MR Enterography

With the latest advances in Magnetic Resonance Imaging (MRI) technology, it is now possible to obtain high-quality MR images of the abdomen and pelvis that are equivalent to, and in many ways superior to, Computed Tomography (CT). MRI Enterography is an effective tool used specifically to image the small bowel to assess the presence and extent of Crohn’s disease and/or inflammatory bowel disease.

MR Enterography has been extensively used in patients with Crohn’s disease who require an accurate assessment of disease involvement and frequent follow-up studies. The main advantage of MR Enterography is the absence of ionizing radiation. In patients who have had numerous previous CT scans and in younger patients who are more radiosensitive, this study allows evaluation of the entire abdomen and pelvis without ionizing radiation exposure.


No food or drink is to be taken for 8 hours before the scan so that your small bowel will be empty. An MRI Enterography requires that you drink approximately 48 ounces of a very dilute barium suspension over the course of 45 minutes before the actual scan at our Imaging Center. No radiation is involved with an MRI Enterography and the exam takes about 30-45 minutes to complete. An IV will be placed to give you medication and IV contrast during the exam.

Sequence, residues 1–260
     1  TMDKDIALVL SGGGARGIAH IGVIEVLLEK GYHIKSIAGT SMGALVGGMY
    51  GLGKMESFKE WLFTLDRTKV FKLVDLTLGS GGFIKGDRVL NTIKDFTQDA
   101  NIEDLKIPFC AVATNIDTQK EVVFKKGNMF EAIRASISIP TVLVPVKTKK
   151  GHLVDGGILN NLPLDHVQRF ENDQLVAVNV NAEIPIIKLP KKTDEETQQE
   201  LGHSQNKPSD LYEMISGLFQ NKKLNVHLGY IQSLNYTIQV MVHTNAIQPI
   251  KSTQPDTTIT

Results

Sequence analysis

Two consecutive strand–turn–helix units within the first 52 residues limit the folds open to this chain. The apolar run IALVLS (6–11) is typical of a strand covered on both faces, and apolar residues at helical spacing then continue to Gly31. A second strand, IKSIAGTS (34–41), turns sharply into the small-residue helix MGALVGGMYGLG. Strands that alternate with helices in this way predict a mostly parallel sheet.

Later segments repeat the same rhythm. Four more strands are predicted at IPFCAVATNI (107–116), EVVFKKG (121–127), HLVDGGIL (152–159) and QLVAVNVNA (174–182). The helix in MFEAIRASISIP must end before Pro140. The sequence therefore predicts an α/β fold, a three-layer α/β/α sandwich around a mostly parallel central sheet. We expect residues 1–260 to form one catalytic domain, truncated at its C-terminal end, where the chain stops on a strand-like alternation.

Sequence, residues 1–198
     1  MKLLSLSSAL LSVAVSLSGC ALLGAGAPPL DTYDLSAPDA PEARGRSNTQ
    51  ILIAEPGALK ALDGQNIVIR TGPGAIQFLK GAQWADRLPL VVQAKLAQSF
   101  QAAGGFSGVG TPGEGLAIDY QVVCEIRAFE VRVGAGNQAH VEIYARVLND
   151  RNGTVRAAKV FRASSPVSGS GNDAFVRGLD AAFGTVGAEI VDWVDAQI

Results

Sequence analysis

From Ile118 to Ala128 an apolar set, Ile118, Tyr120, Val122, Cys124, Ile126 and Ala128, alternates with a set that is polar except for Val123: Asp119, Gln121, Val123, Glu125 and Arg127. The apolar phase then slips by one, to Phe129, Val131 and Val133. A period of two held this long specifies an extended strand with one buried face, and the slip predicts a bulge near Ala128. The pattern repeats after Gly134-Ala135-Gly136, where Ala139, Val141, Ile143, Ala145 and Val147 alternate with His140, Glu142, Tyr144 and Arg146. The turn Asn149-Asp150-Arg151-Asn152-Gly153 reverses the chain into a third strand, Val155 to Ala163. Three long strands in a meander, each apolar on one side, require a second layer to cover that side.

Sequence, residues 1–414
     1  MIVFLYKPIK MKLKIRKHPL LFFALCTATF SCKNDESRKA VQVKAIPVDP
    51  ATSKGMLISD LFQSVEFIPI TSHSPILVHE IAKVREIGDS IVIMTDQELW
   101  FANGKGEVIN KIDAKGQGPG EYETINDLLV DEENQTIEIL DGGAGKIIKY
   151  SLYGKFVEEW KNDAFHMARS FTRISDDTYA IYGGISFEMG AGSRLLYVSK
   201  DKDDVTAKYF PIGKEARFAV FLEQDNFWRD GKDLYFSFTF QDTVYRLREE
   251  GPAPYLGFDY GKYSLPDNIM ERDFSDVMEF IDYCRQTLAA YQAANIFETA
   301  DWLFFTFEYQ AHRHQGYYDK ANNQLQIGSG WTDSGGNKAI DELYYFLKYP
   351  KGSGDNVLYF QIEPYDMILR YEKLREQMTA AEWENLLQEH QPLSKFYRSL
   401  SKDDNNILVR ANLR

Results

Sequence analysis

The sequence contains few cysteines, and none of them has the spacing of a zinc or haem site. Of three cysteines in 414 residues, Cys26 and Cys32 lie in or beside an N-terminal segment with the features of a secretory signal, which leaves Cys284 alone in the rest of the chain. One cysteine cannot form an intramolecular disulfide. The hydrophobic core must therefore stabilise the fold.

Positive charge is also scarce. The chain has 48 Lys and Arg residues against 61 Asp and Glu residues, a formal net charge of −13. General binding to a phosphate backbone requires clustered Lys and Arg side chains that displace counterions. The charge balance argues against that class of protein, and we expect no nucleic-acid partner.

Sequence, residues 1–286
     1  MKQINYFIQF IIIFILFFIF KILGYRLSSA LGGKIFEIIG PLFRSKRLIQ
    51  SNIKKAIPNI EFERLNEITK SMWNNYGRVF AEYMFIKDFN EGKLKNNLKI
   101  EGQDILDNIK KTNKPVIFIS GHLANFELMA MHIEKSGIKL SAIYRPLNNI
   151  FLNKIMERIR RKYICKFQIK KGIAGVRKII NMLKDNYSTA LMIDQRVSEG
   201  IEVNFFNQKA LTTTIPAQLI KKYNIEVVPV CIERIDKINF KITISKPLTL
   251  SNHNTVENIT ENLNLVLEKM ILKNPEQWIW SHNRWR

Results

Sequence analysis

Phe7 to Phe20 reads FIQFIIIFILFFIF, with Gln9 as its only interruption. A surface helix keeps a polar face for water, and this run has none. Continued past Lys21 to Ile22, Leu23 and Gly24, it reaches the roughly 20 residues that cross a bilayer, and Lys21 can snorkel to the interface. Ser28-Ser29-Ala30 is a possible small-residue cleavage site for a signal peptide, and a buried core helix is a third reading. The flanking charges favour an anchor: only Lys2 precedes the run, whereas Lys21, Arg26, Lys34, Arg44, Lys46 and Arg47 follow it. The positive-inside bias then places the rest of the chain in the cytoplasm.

During the Exam

Before the examination begins, you will be asked a series of questions about the presence of metal implants, such as artificial joints, or electronic devices, such as pacemakers because some of these may cause damage if they are put into the magnetic field of the MRI scanner. If so, please bring any documents with you to your appointment. If you have a heart pacemaker, please let CRL Imaging know at the time of scheduling your appointment. Unfortunately, you will not be able to have an MRI with a heart pacemaker and another test may be performed instead of an MRI.

The most important thing you can do to make the study successful is to keep as still as possible during the entire test, especially during the times you are asked to hold your breath. MRI may take several minutes, for the pictures to be taken. As with taking a picture of a moving object with an ordinary camera, blurry images result if you move during an MRI scan. You will have breaks during which you can breathe normally.


After the procedure, you are able to return to a normal diet and activities immediately. As you may experience diarrhea, loose stools, and/or abdominal cramping, we encourage you to drink extra clear fluids for 24 hours after your procedure. This also helps remove the contrast from your system.

A board-certified Radiologist will interpret the scan and relate its information to the referring physician, who will in turn inform you of the results. All written reports will be available to the referring physician within 24 hours. Anytime immediate attention is needed, the referring physician will be contacted the day of the exam.